California Supreme Court Clarifies “Day of Rest” Provisions
California employers can now schedule employees with more confidence when the press of business requires employees to work beyond their normal work schedule. The California Supreme Court has clarified California’s “day of rest” statute. The ruling affords employers flexibility in scheduling employees and clarifies some of the law’s ambiguities while leaving a few unanswered issues.
This “day of rest” rule is promulgated by Labor Code sections 551 and 552. Section 551 requires “[e]very person employed in any occupation of labor [to be] entitled to one day’s rest therefrom in seven,” while section 552 mandates that “[n]o employer of labor shall cause his/her employees to work more than six days in seven.” There is also an exemption to the requirements “when the total hours of employment do not exceed 30 hours in any week or six hours of any one day thereof” (§556). The California Supreme Court was asked to clarify the meaning of these “day of rest” provision which were at issue in Mendoza v. Nordstrom, Inc.
Supreme Court Answers Ninth Circuit’s Questions
The California Supreme Court was specifically asked to answer three questions by the federal Ninth Circuit:
California Labor Code section 551 provides that “[e]very person employed in any occupation of labor is entitled to one day’s rest therefrom in seven.” Is the required day of rest calculated by the workweek, or is it calculated on a rolling basis for any consecutive seven-day period?
California Labor Code section 556 exempts employers from providing such a day of rest “when the total hours of employment do not exceed 30 hours in any week or six hours in any one day thereof.” Does that exemption apply when an employee works less than six hours in any one day of the applicable week, or does it apply only when an employee works less than six hours in each day of the week?
California Labor Code section 552 provides that an employer may not “cause his employees to work more than six days in seven.” What does it mean for an employer to “cause” an employee to work more than six days in seven: force, coerce, pressure, schedule, encourage, reward, permit, or something else?
In its ruling, the Supreme Court addressed each of the above questions.
Day Of Rest Is Measured By The Workweek Defined By The Employer. In response to the first question, the Court found that “a day of rest is guaranteed for each work week,” rather than on a 7-day rolling basis. The Court also found that “[p]eriods of more than six consecutive days of work that stretch across more than one work week are not per se prohibited.” The Court explained that while the Legislature intended to ensure employees had a day of rest in each week, the Legislature did not intend to prevent employees from ever working more than six consecutive calendar days at any one time.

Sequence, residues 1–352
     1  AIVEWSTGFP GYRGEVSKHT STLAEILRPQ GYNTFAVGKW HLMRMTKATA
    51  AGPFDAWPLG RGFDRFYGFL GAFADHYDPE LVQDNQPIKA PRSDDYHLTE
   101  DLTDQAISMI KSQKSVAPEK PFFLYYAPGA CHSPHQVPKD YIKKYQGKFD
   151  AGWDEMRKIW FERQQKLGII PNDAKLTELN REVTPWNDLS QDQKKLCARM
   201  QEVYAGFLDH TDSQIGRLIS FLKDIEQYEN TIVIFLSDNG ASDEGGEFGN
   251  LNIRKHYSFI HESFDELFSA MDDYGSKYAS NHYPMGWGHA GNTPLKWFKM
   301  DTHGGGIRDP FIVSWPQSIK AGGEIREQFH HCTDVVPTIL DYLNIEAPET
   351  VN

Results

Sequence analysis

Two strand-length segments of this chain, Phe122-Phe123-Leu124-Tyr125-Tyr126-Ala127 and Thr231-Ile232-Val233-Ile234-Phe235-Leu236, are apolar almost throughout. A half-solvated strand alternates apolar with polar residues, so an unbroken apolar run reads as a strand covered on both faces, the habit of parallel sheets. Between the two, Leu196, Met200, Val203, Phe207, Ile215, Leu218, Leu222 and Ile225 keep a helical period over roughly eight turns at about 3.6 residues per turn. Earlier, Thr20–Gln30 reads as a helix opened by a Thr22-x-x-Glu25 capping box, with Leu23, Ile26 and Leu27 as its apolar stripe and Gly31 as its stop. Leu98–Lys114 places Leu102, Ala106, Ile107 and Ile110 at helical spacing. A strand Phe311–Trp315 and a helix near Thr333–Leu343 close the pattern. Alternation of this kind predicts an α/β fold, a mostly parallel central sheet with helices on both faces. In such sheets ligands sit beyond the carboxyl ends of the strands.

Exception to Day of Rest Requirement Clarified. To answer the second question, the Supreme Court discussed the Labor Code section 556 exemption, which provides, “Sections 551 and 552 shall not apply to any employer or employee when the total hours of employment do not exceed 30 hours in any week or six hours in any one day thereof.” In its discussion, the Court found that the exception to the seventh-day-rest protection only applies to employees who work no more than six hours each day of the given work week. In so ruling, the Court found that both limits (the weekly limit of 30 hours and the daily limit of six hours) of the statute must be given effect. The take away for employers is that employees asked to work no more than six hours on any one day, and no more than 30 hours total, may be given a schedule with seven days of work.
Employees May Voluntarily Decide to Work More than Six days in Seven. In response to the third question, the Court addressed the meaning of the term “cause” in Labor Code section 552, which provides that an employer may not “cause his employees to work more than six days in seven.” The Court explained the term “cause” implied a certain “affirmative role in motivating or inducing action.” Thus, the Court found that an employer’s “obligation is to apprise employees of their entitlement to a day of rest and thereafter maintain absolute neutrality as to the exercise of that right.” Employees who want to voluntarily work more than 6 days in seven should be educated on their rights. We suggest employees document their request to voluntarily work the schedule to their employer.
What Does the Court’s Ruling Mean for Employers?
The Court’s ruling clarified a major point of ambiguity for employers who now may look at a single work week in scheduling a “day of rest” for employees, rather than reviewing previous weeks to determine the rolling period start and end dates. Further, the ruling clarified that employees are allowed to work more than seven days in a row if they are given time off equivalent to one day’s rest in seven days.
The Court’s ruling also provides clarification for employers scheduling employees who work less than full-time. The ruling explained that the day-in-rest exemption only applies to those who never exceed six hours of work on any day of the work week.
However, some ambiguity still remains for when employers “cause” employees to work through their rest day. For instance, the Court’s definition does not address whether employers are allowed to call and ask employees if they can work, or whether this would be considered “causing” an employee to work. As a result, it is important for employers to properly document when an employee voluntarily wants to work more than 6 days in seven.
Employers should review their work week schedules to ensure they meet the above requirements in appropriately scheduling a “day of rest” for employees. Employers should consider training their management teams or those with scheduling responsibilities about some of the sensitivities in this area.